We are still seeking restricted donations for this project. We ask the MAPS community to help us find people who would like to support this research by making donations restricted to the project. The project is estimated to cost $30,000 for 30 subjects, all of which remains to be raised. At a cost of $1000 per subject, this is an extremely cost-effective study. The cost is so low since this is an observational study of subjects who are paying for their own treatment, rather than a MAPS-sponsored controlled clinical trial in which MAPS would need to cover all expenses of the treatment as well as the evaluation.
Robin Carhart-Harris of The University of Bristol Psychopharmacology Unit has received a $1000 grant from MAPS for her research on recreational drug use, including LSD, MDMA, marijuana and alcohol. Ilsa Jerome PhD, MAPS Research and Information Specialist, helped with the creation of this questionnaire.
If you have used any of the above mentioned drugs in a non-medical setting, we encourage you to give some of your time and fill out the web-based questionnaire. You are also encouraged to post the following text on other sites where others can participate:
Seeking volunteers for on-line survey research project on effects of recreational drug use:
The University of Bristol Psychopharmacology Unit has made a web-based questionnaire designed to investigate aspects of recreational drug use. The questionnaire takes approximately 25 minutes to fill out. The questionnaire is entirely anonymous although some of the questions are of a personal nature. Your responses will be securely stored and you do not need to give any personally identifiable information.
If you are interested in taking the survey, please visit this URL: http://www.bris.ac.uk/psychiatry/staff/carhart/index.html
Thank you very much for your kind assistance with this project.
MAPS is sending to press the fourth English edition of Albert Hofmann’s LSD: My Problem Child and the first English edition of Bia Labate’s Ayahuasca Religions: A Comprehensive Bibliography and Critical Essays.
The new edition of Albert Hofmann’s book contains a new preface that Albert wrote about his life, which he intended to be read at his funeral by his children. Their reading was one of the emotional highlights of his funeral. The book also features a new cover photo of Albert in his garden taken in 2006 by Albert’s good friend, Dr. Rolf Verres. The costs of publication of this new edition of LSD: My Problem Child are being covered by a $10,000 donation to MAPS by Robert Barnhart.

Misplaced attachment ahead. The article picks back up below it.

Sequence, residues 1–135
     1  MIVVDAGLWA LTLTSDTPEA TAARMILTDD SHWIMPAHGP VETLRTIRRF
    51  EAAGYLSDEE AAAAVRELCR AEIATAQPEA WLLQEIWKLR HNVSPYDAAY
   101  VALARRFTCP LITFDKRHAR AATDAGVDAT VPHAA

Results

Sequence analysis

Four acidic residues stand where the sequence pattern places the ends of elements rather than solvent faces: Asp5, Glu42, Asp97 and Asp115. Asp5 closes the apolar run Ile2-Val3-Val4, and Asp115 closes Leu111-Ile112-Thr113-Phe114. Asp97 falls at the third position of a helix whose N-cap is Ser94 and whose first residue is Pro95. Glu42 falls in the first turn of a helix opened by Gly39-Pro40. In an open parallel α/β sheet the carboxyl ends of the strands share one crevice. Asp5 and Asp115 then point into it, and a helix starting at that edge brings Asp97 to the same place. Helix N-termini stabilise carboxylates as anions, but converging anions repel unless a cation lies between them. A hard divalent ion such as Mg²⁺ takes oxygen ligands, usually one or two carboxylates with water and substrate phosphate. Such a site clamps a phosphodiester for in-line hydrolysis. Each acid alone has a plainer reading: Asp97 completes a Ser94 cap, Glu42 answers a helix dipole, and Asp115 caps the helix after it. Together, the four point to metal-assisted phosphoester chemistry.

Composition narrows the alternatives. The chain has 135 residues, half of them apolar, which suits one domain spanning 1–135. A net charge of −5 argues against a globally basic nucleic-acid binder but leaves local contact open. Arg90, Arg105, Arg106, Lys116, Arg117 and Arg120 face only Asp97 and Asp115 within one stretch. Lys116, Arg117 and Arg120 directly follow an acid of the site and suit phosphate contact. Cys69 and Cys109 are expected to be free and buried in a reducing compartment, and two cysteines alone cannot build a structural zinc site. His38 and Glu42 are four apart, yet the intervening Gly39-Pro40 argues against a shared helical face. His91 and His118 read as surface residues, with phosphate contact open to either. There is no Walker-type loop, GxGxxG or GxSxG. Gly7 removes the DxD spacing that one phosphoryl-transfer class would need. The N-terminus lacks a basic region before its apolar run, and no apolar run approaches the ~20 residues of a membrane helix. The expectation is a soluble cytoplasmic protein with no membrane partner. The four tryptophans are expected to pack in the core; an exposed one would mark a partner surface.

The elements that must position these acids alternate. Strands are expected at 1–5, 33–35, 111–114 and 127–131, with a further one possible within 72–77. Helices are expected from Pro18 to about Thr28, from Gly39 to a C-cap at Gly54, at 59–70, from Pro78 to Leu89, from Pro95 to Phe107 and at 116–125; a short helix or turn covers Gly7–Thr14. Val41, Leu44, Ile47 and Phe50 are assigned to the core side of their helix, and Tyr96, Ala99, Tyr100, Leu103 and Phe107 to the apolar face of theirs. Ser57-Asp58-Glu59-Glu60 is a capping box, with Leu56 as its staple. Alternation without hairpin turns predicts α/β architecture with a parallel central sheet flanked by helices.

Bia Labate’s book is an Ayahuasca researcher’s reference guide with an up-to-date bibliography of all the Ayahuasca research available and scholarly essays. This book is in large part funded by a donation from the Trance Foundation.
Both of these books will be available for sale through MAPS webstore in the next few weeks.
On December 29, 2008, Jan Irvin uploaded a fantastic interview with MAPS President Rick Doblin PhD. The podcast is available on the Gnostic Media Website at: www.gnosticmedia.podomatic.com
Jan has two other podcasts that should interest MAPS supporters. On January 5, 2009 Jan posted an interview with Dr. Stanislav Grof who discusses LSD research and on January 12, Jan will post an interview with Dr. Roland Griffiths, who talks about psilocybin research.
On December 29, the New York Times Sunday Magazine profiled 50 prominent people who died in 2008. One of the people featured was the father of LSD, Albert Hofmann, “Albert Hofmann: Day Tripper, born 1906.” (Permalink).
Albert is honored in this glowing article as a tolerant man who was thoughtful in his pursuits of science and spirituality.
On December 20, the New York Times published Turning on, Tuning in and Painting the Results a detailed article about our friend Alex Grey’s Chapel of Sacred Mirrors (COSM). COSM closed its doors at the end of 2008 and will be reestablished in upstate New York in the town of Wappinger. Alex and Allyson Grey, with the help of donors, have purchased 40 acres of land “to rebuild the chapel and develop an interfaith retreat center.” Similar to MAPS’ philosophy, the Greys told the New York Times that, “they want to promote only the most responsible and carefully structured use of entheogens in contexts that promote psychological and spiritual well-being and positive illumination for individuals and communities.”
You should also visit MAPS on youtube and myspace and facebook.